Monday, September 16, 2013

Much money wasted, you have

I know Vodafone's got too much cash these days, but I think they missed a trick here. I can't count the number of times per day that I have to dodge inattentive people on the streets, due to the distraction of naughty texts, Facebook selfies, or YouTube videos of cats playing piano, and I wonder how many unnecessary injuries and physical altercations occur as a result of this sort of scenario. Beer companies don't glorify their product by showing humourous scenes of drunk drivers killing people irresponsibly, so why should Yoda step in to salvage an antisocial hipster behaving stupidly with a Vodafone device? The company could have saved itself some considerable expense by just letting the kid on the scooter head-butt him in the genitals at full speed. I would respect that. Might even tempt me to join Vodafone. Out of contract, I am.

Saturday, September 07, 2013

Misadventures in asset management


This is a BT street cabinet on Townley Road, East Dulwich. It's been open at least five days. Luckily, it appears that the copper thieves we hear so much about haven't ravaged it yet. It's on a stretch of pavement that sees a lot of traffic from school kids, so it's sort of surprising that a curious child, or one with vandalous tendencies, hasn't yanked out a fistful of phone lines. There's a VDSL cabinet a few metres away, so I'm guessing the engineer did some provisioning and forgot to lock up.

Makes me wonder why the M2M brigade haven't created a simple GSM-enabled device with a light meter, which could report hourly. Three consecutive hourly reports of ambient light above a certain threshold could generate a flag to alert the asset management team that the cabinet is most likely open, and a truck roll could be organised.

Another approach could be crowdsourcing. Find two or three dependable people in each urban postcode to walk a designated route covering a number of cabinets every day or so, and report problems, in exchange for free service. Like a kind of broadband neighbourhood watch.

Or just set up a Twitter account, like @OpenBTcabinets.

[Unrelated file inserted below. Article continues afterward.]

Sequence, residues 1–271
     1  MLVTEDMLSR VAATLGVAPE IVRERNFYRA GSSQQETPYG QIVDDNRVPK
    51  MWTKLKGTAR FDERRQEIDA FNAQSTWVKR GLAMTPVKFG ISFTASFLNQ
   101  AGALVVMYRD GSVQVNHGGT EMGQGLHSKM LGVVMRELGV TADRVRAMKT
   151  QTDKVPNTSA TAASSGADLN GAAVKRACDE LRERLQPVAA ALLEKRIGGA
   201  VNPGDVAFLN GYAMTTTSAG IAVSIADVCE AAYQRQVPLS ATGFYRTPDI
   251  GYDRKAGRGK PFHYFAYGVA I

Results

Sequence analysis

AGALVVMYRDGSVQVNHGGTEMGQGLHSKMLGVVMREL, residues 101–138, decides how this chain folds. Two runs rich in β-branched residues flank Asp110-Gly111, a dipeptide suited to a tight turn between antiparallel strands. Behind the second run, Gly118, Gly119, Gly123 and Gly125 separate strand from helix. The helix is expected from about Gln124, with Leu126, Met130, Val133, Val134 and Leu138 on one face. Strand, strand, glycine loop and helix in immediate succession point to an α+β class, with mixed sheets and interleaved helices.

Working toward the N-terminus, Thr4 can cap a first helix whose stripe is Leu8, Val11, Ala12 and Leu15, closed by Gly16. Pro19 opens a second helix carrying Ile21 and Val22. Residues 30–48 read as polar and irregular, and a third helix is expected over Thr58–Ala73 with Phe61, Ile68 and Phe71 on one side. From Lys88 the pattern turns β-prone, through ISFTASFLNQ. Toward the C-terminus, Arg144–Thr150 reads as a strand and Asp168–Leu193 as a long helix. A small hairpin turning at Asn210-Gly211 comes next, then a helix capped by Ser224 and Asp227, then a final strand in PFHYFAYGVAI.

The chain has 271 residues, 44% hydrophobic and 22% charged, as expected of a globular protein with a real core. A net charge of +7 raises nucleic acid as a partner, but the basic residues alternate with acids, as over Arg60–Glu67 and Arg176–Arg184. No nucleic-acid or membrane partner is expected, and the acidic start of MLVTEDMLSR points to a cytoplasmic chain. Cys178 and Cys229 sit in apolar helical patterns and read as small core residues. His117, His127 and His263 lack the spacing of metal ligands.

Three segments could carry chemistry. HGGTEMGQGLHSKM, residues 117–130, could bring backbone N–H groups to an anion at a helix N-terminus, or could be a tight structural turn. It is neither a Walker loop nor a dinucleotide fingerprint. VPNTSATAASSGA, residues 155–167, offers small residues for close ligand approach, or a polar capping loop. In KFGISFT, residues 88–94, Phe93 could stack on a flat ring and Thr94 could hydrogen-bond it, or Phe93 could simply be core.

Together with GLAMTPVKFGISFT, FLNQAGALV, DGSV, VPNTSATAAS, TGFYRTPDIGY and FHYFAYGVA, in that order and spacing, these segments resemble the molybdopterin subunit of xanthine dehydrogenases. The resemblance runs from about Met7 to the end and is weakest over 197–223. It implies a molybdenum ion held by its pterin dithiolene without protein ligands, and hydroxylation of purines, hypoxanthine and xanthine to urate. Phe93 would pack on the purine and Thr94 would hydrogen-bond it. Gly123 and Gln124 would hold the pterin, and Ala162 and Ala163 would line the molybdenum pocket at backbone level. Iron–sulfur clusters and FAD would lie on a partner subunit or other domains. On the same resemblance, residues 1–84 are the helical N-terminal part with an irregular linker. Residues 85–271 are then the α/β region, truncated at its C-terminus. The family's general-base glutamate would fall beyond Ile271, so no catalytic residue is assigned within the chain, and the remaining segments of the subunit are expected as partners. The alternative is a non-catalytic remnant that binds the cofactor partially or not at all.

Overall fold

That is, if anyone cares...

Wednesday, September 04, 2013

Adventures in Cambodian overhead cabling

Apologies, vestigial mega-uber value readers, for my ongoing lack of output. As usual, I'm involved in some very interesting stuff, which I can't really talk about. What I can share is that I've been doing some consultancy work with a company in Cambodia, and I've observed and photographed the most surreal cabling "solutions" I've ever seen. I wish I'd taken more photos to share with you, but after a couple of days there, the massive snarls of (mostly) fiber overhead become a commonplace sight, and my eye is drawn to all the other amazing sights in this fascinating place.

If you look closely at some of these photos, you'll see PON splitter enclosures, which almost certainly serve customers of one of Phnom Penh's FTTH operators. Yes, you heard me right, FTTH in Phnom Penh, capital of a country where many people earn less than $100 per month. It's a niche product, however, targeted at affluent locals and the burgeoning ex-pat community. How do you fancy paying $225 per month for 4Mbps? Not a power user? How about $115 for 2Mbps? Granted, IP transit is expensive in Cambodia, because of the absence of an undersea cable landing (though that's going to change, and it will be interesting to see how pricing/demand moves in the aftermath), but I think we can guess what the margins must be on these products with pricing like that. This is an interesting conundrum, wherein a superior technology is throttled back to keep opex low, and also to avoid taking the market beyond where it is "ready" to go. I don't mean that Cambodians wouldn't love 1Gbps connections today, but if 512k/1Mbps is the current benchmark, then I assume the commercial guys would question why an operator should force things to evolve dramatically faster than the market really demands?